By engaging with Italians, Spaniards, and other Anglos, the program can even foster life improvements for the volunteers themselves. For Larry (who hails from Dublin, and like Kisane, is a three-time veteran of the program), the experiences have given him the confidence to be more outgoing within his own community.
Before his first volunteer stint, Larry had a tendency to be very reserved and less open to meeting and reaching out to different kinds of people. His volunteering in the English language immersion programs has changed him.
“I didn’t realize that I could respond to so many different types of people,” he said. Larry was voted the hardest-working Anglo during the week by his peers, and conversed with such ease and quantity as if he were born to do just that!
Larry, like Kisane and I, was instantly drawn to participating in this English language talk-a-thon upon first hearing about it via the written/broadcast media or word of mouth from other participants who have spread the word about the English programs in Spain. This is a common theme among many repeating veterans of Villaggio Inglese/Pueblo Ingles.
By the end of the week, every Italian and Spaniard was exposed to more than 105,000 English phrases, both heard and spoken, in a variety of different English accents, from the Liverpool dialect to the Wyoming style, in as peaceful a setting as could be asked for. The temperatures were mild, with only one day of rain; thus, the great Tuscan outdoors during the autumn season was fully experienced!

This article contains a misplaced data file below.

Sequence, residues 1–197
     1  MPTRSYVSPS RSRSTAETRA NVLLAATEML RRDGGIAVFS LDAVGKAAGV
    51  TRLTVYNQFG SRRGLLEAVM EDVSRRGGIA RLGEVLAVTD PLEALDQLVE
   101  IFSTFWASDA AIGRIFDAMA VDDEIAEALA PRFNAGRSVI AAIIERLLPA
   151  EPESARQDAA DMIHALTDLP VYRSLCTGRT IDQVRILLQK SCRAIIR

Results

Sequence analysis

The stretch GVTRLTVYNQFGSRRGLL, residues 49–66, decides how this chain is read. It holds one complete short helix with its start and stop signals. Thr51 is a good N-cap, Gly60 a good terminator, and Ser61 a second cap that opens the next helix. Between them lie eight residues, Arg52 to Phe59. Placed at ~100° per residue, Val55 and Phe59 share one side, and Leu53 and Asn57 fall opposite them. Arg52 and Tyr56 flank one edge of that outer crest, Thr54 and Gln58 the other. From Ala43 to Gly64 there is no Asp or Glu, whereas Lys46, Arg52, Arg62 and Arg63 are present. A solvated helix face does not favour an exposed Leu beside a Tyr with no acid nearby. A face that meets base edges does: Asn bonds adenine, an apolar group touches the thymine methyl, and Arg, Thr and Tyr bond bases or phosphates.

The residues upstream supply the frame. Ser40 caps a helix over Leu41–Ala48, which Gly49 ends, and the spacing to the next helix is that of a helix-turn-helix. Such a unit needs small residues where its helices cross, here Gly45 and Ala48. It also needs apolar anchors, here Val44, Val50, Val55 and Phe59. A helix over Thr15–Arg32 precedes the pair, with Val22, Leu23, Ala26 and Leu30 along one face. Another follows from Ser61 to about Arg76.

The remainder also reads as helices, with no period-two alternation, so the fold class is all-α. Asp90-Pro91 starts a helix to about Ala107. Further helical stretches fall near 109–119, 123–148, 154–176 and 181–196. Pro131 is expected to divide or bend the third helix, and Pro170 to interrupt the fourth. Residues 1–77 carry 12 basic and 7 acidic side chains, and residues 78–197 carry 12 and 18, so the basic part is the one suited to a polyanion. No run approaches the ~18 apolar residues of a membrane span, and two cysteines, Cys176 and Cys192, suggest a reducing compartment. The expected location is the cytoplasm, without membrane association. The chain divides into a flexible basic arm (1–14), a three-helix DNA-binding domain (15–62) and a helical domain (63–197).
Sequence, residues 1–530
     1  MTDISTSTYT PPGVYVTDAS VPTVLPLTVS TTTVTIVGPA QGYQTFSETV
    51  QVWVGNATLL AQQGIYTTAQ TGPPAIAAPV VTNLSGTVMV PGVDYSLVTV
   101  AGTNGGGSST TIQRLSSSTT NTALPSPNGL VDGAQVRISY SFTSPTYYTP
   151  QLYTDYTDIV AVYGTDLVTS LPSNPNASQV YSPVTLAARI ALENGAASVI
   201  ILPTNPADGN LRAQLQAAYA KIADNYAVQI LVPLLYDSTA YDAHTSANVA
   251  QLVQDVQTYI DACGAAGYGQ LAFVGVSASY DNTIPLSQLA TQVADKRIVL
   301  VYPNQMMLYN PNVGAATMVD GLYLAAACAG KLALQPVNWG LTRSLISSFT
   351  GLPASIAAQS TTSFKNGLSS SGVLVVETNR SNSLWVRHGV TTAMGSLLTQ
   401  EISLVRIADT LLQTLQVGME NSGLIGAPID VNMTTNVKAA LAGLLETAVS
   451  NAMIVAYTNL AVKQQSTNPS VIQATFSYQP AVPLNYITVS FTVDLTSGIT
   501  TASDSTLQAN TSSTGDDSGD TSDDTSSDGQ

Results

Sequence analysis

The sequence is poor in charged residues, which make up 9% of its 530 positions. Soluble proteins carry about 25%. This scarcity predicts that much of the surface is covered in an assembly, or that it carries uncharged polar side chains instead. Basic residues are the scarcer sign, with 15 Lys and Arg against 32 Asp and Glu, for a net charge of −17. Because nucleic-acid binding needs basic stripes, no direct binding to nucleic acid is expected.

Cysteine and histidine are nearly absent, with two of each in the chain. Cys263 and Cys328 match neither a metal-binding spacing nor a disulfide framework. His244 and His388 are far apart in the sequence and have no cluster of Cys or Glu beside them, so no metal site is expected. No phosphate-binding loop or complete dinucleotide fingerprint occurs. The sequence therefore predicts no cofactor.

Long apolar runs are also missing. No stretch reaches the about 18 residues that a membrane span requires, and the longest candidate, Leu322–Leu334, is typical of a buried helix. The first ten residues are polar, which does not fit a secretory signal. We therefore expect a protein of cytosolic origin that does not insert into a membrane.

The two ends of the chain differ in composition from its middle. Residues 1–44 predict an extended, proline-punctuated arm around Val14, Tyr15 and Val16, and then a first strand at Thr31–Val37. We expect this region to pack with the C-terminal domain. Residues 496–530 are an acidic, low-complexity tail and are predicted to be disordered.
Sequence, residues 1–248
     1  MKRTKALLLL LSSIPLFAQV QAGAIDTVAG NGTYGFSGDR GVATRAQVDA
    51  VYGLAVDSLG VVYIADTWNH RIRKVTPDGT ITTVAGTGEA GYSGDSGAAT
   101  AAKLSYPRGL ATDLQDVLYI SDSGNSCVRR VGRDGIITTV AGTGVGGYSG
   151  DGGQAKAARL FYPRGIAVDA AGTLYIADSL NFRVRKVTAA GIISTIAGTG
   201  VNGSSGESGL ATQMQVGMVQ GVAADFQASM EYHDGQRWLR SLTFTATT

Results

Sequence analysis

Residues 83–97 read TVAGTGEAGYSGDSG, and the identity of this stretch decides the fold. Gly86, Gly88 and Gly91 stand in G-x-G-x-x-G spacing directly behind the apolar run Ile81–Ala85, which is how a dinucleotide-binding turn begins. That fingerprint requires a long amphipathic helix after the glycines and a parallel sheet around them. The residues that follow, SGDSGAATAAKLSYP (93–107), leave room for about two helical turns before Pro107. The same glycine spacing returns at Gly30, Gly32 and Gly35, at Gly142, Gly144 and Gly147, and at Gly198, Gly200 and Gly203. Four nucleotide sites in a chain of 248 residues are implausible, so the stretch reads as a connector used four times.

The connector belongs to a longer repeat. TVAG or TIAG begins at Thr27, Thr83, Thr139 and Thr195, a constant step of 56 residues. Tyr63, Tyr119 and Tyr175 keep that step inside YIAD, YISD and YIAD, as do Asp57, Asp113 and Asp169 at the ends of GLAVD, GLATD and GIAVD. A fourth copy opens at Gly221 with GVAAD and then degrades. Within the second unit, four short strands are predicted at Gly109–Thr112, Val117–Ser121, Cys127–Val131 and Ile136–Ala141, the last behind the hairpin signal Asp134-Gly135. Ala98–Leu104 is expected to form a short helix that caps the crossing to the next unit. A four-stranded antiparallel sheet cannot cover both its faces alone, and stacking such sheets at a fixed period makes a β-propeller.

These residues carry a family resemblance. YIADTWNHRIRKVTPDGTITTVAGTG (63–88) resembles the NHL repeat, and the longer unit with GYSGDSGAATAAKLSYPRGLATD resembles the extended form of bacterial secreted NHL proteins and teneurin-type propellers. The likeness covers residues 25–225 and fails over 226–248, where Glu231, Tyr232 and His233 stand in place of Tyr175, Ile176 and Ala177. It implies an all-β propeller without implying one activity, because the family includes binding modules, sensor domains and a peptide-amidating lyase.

More Than Just Language Comprehension
The creative side of the volunteers was strongly encouraged at Villaggio Inglese, just as with the past 160-plus programs in Spain. Skits ranging from a “mild” Jerry Springer-like parody, which brought down the house, to a presentation on the state of Oklahoma were among the creative bits featured in the meeting house during the evening.
Adding to the variety of English language-only interactions were groups assembling together after the completion of siesta time to discuss such topics as, “What five things would each group bring if they were stranded on a desert island for three months?” Some of the answers were very interesting indeed!